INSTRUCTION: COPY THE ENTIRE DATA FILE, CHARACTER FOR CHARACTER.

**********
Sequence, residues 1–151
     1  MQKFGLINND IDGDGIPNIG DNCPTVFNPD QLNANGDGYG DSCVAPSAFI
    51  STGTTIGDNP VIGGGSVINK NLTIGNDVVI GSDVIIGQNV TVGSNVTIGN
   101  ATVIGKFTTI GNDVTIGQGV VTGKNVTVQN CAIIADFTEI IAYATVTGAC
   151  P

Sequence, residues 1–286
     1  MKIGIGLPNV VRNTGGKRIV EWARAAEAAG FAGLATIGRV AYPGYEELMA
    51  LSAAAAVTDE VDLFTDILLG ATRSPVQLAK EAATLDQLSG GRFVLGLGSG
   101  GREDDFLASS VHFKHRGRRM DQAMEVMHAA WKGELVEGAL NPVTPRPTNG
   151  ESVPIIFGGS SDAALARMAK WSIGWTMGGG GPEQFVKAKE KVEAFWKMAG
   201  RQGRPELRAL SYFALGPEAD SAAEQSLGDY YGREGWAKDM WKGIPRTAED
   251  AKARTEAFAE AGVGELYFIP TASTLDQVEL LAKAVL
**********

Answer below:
Sequence, residues 1–151
     1  MQKFGLINND IDGDGIPNIG DNCPTVFNPD QLNANGDGYG DSCVAPSAFI
    51  STGTTIGDNP VIGGGSVINK NLTIGNDVVI GSDVIIGQNV TVGSNVTIGN
   101  ATVIGKFTTI GNDVTIGQGV VTGKNVTVQN CAIIADFTEI IAYATVTGAC
   151  P

Sequence, residues 1–286
     1  MKIGIGLPNV VRNTGGKRIV EWARAAEAAG FAGLATIGRV AYPGYEELMA
    51  LSAAAAVTDE VDLFTDILLG ATRSPVQLAK EAATLDQLSG GRFVLGLGSG
   101  GREDDFLASS VHFKHRGRRM DQAMEVMHAA WKGELVEGAL NPVTPRPTNG
   151  ESVPIIFGGS SDAALARMAK WSIGWTMGGG GPEQFVKAKE KVEAFWKMAG
   201  RQGRPELRAL SYFALGPEAD SAAEQSLGDY YGREGWAKDM WKGIPRTAED
   251  AKARTEAFAE AGVGELYFIP TASTLDQVEL LAKAVL